Marcia, Meghan, and Katie were all running the 5K, and Erica and I were running the 10K. The 5K started at 7:00 PM and the 10K kicked off at 7:10 PM. After this picture, all of the 5K runners went immediately to go line up.

Erica and I made a portapotty stop, then chatted while waiting off to the side to watch the 5K start. (By the way, Erica ran 33 miles the previous Saturday! Holy cow!)

Here's a picture of the ladies lining up:


After the 5K runners cleared, the 10K runners got set. They made some announcements about some rough patches along the course due to the recent thunderstorms in the area. This was helpful to know.

There appeared to be nearly twice as many 5K runners as 10K runners. Many women were dancing along to the music being played at the starting line. It made me smile. I was prepared to give the race a strong effort with the hopes of attempting a PR.

I heard later that the 5K course was fairly crowded, but fortunately crowding was not an issue for me at the 10K start. I started out right on pace and felt good for about the first two miles.

Runners along the course

As I was cruising along, I was thinking about how the 10K was one of my favorite distances. This was going to be fun! But then, a few minutes into the third mile, I started thinking that it was going to be tough to maintain this pace for another 3+ miles. Let's just keep this momentum going as long as possible. There were several water stops set up along the course, but I only stopped once for fear of losing my rhythm.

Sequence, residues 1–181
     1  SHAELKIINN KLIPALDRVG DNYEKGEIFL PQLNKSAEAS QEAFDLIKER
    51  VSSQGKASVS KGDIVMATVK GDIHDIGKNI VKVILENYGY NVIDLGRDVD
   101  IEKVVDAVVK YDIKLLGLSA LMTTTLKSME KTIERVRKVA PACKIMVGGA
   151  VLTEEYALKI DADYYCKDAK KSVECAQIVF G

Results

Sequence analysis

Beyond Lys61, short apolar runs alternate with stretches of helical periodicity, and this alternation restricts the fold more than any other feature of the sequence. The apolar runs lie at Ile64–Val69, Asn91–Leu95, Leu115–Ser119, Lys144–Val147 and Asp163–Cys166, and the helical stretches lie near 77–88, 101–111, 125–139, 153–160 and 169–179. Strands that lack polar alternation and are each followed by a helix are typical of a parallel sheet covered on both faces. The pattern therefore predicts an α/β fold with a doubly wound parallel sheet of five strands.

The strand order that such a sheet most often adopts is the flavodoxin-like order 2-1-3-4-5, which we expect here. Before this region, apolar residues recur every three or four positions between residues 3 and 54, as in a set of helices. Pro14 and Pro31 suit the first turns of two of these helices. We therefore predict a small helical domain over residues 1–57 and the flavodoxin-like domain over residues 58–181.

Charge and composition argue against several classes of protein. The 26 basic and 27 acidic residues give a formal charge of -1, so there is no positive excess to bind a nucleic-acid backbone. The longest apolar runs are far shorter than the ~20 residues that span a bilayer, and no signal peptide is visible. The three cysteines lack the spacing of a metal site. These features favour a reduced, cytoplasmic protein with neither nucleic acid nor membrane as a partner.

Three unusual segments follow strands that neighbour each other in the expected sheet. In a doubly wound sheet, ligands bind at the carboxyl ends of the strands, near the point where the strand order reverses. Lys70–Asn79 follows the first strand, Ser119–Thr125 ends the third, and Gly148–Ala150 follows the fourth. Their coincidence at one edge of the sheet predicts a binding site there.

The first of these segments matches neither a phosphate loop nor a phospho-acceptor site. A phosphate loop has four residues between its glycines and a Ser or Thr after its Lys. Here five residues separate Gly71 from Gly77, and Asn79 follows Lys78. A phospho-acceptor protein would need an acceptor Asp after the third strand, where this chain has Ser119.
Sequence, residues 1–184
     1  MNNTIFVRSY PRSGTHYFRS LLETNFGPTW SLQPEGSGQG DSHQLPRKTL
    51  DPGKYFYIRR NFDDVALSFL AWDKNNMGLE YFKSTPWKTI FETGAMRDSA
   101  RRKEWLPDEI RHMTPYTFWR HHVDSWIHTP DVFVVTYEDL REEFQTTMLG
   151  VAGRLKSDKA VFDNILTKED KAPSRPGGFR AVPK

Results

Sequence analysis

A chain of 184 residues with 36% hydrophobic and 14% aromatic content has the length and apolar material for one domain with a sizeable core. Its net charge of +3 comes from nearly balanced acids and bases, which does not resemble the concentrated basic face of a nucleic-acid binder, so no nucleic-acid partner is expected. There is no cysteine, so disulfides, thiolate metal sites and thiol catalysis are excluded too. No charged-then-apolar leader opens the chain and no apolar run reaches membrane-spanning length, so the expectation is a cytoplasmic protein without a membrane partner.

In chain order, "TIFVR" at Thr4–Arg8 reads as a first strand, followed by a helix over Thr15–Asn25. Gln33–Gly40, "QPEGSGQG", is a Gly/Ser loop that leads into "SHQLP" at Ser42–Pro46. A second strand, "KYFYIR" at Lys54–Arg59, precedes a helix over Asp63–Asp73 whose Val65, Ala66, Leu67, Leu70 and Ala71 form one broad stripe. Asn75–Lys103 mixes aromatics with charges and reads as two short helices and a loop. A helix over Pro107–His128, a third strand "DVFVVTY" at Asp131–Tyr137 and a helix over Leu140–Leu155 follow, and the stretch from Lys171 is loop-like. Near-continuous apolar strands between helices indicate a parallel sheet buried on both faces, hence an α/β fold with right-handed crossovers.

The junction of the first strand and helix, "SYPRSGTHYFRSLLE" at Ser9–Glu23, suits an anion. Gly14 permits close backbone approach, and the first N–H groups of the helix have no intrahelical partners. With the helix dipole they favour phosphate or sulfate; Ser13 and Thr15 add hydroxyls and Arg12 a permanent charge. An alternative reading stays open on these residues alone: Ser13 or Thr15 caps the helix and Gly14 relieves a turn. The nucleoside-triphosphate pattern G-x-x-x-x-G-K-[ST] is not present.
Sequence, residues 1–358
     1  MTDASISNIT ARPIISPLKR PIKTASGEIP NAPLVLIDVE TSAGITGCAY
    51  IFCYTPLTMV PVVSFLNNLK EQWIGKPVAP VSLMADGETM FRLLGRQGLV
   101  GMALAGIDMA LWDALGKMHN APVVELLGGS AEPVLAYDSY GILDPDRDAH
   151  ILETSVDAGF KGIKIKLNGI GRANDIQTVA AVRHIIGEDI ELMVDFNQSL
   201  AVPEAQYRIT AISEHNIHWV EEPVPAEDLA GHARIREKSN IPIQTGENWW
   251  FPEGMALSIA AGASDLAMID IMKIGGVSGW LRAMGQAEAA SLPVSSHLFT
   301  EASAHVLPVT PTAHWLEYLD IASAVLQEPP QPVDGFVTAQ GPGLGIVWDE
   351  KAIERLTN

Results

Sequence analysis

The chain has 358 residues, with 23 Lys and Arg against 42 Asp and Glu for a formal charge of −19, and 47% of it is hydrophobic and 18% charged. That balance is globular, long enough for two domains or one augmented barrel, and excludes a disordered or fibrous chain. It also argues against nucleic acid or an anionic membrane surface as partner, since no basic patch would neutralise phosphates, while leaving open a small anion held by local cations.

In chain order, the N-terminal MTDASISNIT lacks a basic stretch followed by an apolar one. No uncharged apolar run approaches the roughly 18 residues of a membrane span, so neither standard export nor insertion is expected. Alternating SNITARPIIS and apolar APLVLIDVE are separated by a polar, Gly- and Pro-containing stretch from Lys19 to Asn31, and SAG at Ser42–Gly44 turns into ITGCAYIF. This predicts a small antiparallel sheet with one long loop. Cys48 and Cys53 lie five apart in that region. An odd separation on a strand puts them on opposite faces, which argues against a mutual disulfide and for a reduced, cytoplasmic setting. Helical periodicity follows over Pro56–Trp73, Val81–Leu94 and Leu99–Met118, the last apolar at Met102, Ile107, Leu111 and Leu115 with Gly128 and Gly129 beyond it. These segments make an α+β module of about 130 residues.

Here's another picture from the course along the lakefront:

I stole this picture from Katie's race recap.
By the way - Katie had quite the eventful evening that night. Go check out her recap for all the details!

The lakefront path in that area, while affording beautiful views of the beaches, also brought with them some rough areas as warned. There were some muddy areas, some standing pools of water, potholed asphalt, and patches of sand. I was very focused on maintaining my footing. As a result, I didn't pay nearly as much attention to the scenery as I would have liked.

On that note, I had studied the course in advance and had been a little nervous about it. It was basically an out and back for the 5K runners, but the 10K runners looped through part of the course twice. Here's the course map:

As expected, the second loop was mentally difficult. My splits started dipping.

I was thinking that I wanted to take back everything I had ever said or thought about the 10K being a favorite race distance. In the final 1.2 miles, I started getting passed by other runners. It was frustrating. I kept looking down at my Garmin and trying to calculate approximately how many minutes I had left.

The finish line came up suddenly on me. I glanced down at my Garmin in the final stretch and was shocked that based on elapsed time, I could still achieve a PR. Seriously? My Garmin was measuring the course a little short, but OK! Away we go!